According to the CDC, approximately 22 of every 1,000 American women between 15-19 years become pregnant and give birth. That means a little over 2% of American girls become teen mothers, a significantly higher rate than other Western industrialized nations, and the only Western teen pregnancy rate that includes significant racial and geographic disparities. In 2015, the birthrate of Hispanic teens was over twice as high as the rate for non-Hispanic white teens, while the birth rate for non-Hispanic Black teens was nearly twice the rate of non-Hispanic white teens.

Beyond unwanted pregnancies, teen boys and girls continue to be at risk for HIV and other sexually transmitted infections. Every year, half of the 20 million new STIs reported occur in young people 15 to 24 years old. In 2016, approximately 21% of all new HIV diagnoses in the U.S. occurred in patients 13 and 14 years old.

If we want to reduce sexual risk behaviors in American teens, we need to provide them with the proper information. That means making sure they understand how STIs are transmitted, how to prevent them, and how to test for them. It also means ensuring that, should teens choose to engage in sexual activity, they understand the possible negative health outcomes and how to avoid them. Despite its deceptive name, “sexual risk avoidance education” fails to provide any of this information in its curriculum.

Beyond nonexistent lessons on STDs, STIs, sex, and contraception, sexual risk avoidance education — or abstinence-only education — leaves out crucial information about abuse, assault, and more.

That not only makes these programs ineffective, but unethical — and possibly illegal.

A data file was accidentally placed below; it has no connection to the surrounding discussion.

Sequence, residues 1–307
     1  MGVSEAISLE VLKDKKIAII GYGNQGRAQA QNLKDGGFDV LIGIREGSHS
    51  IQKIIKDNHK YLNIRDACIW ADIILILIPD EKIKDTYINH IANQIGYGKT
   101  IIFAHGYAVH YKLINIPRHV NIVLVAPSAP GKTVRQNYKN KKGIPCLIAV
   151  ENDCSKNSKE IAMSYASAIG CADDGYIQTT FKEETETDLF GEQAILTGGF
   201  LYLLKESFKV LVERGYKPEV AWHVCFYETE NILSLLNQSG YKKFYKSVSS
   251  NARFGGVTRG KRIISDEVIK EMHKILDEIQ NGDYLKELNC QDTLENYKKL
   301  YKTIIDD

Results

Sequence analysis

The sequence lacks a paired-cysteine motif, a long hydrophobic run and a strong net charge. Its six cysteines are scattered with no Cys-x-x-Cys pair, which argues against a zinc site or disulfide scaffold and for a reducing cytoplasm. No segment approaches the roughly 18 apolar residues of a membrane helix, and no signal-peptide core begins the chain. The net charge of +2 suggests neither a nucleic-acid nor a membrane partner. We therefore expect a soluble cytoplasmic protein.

Federally funded abstinence-only education follows strict guidelines, the most important of which is having a program with the “exclusive purpose of teaching the social, psychological, and health gains to be realized by abstaining from sexual activity.” These lessons on the supposed harmful psychological effects of fornication emphasize the importance of marriage and push a conservative values-based agenda. Research, medicine, and evidence-based science are removed from the curriculum. In fact, it purposely withholds important and medically-sound information about STIs, birth control, and pregnancy from a population of uninformed young people who need it most. Some investigations have even shown abstinence-only programs to contain “false, misleading or distorted information,” including incorrect, sexist, and even homophobic “facts” about HIV and abortion. Back in 2015, Judge Donald Black of the Fresno Superior Court ruled that “access to medically and socially appropriate sexual education is an important public right” and abstinence-only education is in “violation of California law.”

The Trump administration may be committed to pushing their ineffective agenda, but there are plenty of people trying to stop them, including judges in Spokane and Washington, D.C.

In April, Judge Ketanji Brown Jackson of D.C. ruled that the recent cuts to the Teen Pregnancy Prevention Program were unlawful, and ordered the Department of Health and Human Services to continue to accept and process grant applications. A week later, Judge Thomas Rice of Spokane issued a permanent injunction preventing the administration from cutting grants to Planned Parenthood (who provide support to the TPPP in some Western states).

For now, at least, it seems like the Teen Pregnancy Prevention Programs are safe, but that doesn’t mean Trump’s fight for abstinence-only education is over. As the aforementioned HuffPost report shows, abstinence-only education is still making its way into public schools.


The facts are clear: everyone from parents and students to health professionals and educators support comprehensive sexual education, but let’s say it one more time for the folks in the back of the Oval Office:

Abstinence-only programs don’t work.

It’s time we told our representatives to stop wasting money on values-based programs that have no measurable effect, and start giving young people the information they need to stay safe and healthy.